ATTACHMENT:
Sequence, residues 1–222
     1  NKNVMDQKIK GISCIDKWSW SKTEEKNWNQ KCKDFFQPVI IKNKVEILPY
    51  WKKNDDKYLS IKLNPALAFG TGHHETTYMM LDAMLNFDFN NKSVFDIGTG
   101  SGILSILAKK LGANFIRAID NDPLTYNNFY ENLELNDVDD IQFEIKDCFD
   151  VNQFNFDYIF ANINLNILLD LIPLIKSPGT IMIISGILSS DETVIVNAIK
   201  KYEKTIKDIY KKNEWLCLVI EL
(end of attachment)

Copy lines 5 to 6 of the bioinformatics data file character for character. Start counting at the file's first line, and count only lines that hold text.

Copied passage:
   151  VNQFNFDYIF ANINLNILLD LIPLIKSPGT IMIISGILSS DETVIVNAIK
   201  KYEKTIKDIY KKNEWLCLVI EL